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Issue 1071 - 13 December 2018

Saudi Arabia: Riyadh launches Red Sea group

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Less assertive until now in the region than its ally the UAE or rival Qatar, Saudi Arabia hosted the first consultative meeting of the Arab and African Coastal States of the Red Sea and the Gulf of Aden (AARSGA) in Riyadh on 12 December, attended by foreign ministers from seven countries. A communiqué said AARSGA was set up to enhance co-operation “in the political, economic, cultural, environmental and security fields”. A follow-up meeting of senior officials is due to be held in Cairo.

Saudi Arabia
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Sanctions take effect: US sanctions are again having a marked impact on the economy, with inflation rising and the rial under pressure in foreign exchange markets. This is reflected in the political arena, where hardliners are mounting a sustained campaign against President Hassan Rouhani and his team. Economic affairs and finance minister Massoud Karbasian and co-operatives, labour and social welfare minister Ali Rabiei were voted out of office by MPs in August. However, Rouhani has been responding.

Iran
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The Saudi government has been urged to push forward with moves to lift a ban on sports in girls’ state schools, after the shura council on 8 April recommended an end to the ban, which was relaxed in private schools last year, state media reported. It is now up to the education ministry to decide whether to lift the ban. Human Rights Watch (HRW) urged the government to “set out a clear strategy and accelerated timeline for rolling out physical education for girls in public and private schools” and demanded that the kingdom start licensing women’s gyms and facilitate the participation of women in all sports.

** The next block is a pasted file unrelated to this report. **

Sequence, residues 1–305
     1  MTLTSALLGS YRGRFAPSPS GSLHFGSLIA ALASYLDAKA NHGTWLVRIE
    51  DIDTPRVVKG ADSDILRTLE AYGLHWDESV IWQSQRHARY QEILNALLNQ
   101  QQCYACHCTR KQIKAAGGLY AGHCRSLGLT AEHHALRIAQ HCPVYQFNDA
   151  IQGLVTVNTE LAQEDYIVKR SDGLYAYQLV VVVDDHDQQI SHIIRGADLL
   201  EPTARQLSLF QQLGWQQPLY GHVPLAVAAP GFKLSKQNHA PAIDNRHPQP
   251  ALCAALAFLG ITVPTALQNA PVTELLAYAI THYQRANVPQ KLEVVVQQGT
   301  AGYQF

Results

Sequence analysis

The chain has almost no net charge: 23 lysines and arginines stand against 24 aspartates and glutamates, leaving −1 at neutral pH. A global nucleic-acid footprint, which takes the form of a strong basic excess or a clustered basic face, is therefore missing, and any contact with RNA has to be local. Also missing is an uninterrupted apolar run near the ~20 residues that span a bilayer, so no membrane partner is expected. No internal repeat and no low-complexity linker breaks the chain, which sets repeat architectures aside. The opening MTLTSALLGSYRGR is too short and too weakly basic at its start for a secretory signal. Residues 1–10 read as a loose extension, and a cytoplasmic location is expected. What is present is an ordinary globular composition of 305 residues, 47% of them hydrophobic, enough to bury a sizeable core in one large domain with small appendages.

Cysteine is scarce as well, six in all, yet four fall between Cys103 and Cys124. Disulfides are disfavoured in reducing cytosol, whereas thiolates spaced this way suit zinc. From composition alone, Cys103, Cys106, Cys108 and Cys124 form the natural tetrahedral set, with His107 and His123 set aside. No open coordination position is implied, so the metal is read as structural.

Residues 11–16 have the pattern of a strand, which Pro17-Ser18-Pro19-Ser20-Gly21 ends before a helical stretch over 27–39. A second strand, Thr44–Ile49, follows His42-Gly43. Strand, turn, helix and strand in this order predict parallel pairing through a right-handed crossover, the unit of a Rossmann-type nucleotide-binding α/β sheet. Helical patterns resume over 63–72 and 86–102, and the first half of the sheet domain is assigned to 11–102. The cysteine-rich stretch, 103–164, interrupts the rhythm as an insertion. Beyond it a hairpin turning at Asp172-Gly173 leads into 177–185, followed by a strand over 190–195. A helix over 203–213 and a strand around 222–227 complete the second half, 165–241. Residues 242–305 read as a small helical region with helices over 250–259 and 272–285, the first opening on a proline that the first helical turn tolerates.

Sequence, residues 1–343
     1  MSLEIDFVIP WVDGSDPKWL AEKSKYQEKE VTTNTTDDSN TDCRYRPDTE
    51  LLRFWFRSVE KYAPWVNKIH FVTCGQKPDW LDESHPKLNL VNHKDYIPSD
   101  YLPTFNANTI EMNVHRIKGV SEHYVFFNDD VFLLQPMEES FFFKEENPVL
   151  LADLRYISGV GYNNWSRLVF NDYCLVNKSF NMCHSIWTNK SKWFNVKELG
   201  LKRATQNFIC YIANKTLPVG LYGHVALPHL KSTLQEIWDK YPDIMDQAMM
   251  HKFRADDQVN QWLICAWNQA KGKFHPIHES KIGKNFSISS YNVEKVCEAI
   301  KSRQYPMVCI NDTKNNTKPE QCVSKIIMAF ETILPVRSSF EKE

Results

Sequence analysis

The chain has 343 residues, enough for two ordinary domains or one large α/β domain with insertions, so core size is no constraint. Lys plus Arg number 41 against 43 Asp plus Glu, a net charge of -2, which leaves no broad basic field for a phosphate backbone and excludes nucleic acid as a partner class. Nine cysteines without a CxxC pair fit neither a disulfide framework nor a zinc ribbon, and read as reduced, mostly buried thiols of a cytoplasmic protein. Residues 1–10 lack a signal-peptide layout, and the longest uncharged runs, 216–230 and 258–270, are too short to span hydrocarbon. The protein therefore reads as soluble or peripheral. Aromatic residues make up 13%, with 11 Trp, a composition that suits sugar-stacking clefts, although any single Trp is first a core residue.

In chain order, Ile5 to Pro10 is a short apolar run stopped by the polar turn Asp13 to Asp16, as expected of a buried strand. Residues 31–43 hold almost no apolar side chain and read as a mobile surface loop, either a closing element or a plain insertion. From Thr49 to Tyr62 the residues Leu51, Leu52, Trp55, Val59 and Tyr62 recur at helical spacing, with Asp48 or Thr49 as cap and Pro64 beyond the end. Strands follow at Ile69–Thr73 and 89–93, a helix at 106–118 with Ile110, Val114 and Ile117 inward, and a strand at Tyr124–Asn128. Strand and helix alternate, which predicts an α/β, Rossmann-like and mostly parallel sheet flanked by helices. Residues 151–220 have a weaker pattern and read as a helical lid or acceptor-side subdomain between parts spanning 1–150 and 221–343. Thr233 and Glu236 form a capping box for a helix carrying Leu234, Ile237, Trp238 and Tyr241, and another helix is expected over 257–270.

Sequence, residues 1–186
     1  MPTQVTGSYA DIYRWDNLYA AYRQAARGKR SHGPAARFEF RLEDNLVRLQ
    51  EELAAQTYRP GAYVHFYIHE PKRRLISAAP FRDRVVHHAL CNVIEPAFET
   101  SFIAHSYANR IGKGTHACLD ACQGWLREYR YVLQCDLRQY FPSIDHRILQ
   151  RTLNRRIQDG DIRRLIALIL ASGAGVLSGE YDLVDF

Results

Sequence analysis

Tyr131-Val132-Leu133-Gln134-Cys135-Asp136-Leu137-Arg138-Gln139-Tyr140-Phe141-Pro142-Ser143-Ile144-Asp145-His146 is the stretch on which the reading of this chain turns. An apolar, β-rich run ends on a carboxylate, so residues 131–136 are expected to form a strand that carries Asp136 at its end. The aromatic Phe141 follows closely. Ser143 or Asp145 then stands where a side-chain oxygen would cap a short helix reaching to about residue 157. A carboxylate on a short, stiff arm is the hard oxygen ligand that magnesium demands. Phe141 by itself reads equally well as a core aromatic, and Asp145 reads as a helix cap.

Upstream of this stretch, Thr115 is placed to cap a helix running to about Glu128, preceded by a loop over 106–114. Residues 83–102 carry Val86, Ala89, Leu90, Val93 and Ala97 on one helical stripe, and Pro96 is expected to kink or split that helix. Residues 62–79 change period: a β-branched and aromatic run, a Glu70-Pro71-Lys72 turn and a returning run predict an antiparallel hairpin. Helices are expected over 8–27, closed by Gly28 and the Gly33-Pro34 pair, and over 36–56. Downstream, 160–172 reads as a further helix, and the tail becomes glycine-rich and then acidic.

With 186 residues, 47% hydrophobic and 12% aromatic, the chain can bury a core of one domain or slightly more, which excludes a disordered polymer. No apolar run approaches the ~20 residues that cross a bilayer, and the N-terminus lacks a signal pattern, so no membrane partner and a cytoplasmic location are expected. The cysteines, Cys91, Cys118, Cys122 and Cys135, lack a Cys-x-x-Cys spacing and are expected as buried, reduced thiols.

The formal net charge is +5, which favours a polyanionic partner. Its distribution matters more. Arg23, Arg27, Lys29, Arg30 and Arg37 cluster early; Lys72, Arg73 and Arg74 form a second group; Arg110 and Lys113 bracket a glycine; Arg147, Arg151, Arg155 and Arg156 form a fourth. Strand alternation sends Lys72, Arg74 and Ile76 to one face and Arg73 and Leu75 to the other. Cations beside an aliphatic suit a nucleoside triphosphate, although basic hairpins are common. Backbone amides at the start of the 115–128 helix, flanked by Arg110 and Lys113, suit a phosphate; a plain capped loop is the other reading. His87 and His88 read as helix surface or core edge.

Saudi Arabia
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Despite international condemnation, continued street protests and sanctions, combined with escalating economic problems, Bashar Al-Assad’s government has dug in as the Syrian uprising pushes on into its sixth month. But the signs are that Assad’s hold on power is tenuous and Gulf states have revised their policies as a consequence

Saudi Arabia | United Arab Emirates (UAE) | Qatar | Syria
Issue 850 - 27 March 2009

Syria edges closer to the fold

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The past month has seen the Syrian government busy with meetings with Jordan, Saudi Arabia and US officials - meetings that could help bring Syria back in from the cold. In early March, US envoys Jeffrey Feltman and Daniel Shapiro were in Damascus for talks with Syrian Foreign Minister Walid Moallem and President Bashar Al-Assad's advisor .....

Syria
Issue 976 - 05 September 2014

Qatar: Mediating

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Qatar has been involved in securing the release of 45-year-old US journalist Peter Theo Curtis, who was being held by Jabhat Al-Nusra, which captured him in Syria. His release after two years came just days after the gruesome murder of US journalist James Foley, who was also captured in Syria in 2012 and ended up in the hands of the Islamic State extremist group (see View). Lebanese newspaper Al-Akhbar has also claimed Qatar is involved in negotiations with Jabhat Al-Nusra to secure the release of Lebanese soldiers captured during fighting in the Lebanese town of Ersal.

Qatar
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From the evaporation of lakes and rivers to the extinction of rare species in its ravaged forests, the extent of environmental damage in Iran could, if left unchecked, pose a threat to the country arguably greater than that of any external adversary. Problems are particularly severe in urban areas, where vehicle emissions and industrial pollution are causing thousands of deaths from respiratory and heart disease each year. The capital Tehran, where 4.2m cars a day pump exhaust fumes into the haze above the city, bears most of the toll; in 2013, the health ministry said that more than 4,500 residents of the city of almost 9m had died as a result of air pollution that year.

Iran
Issue 966 - 24 March 2014

Saudi Arabia: Ban on baby names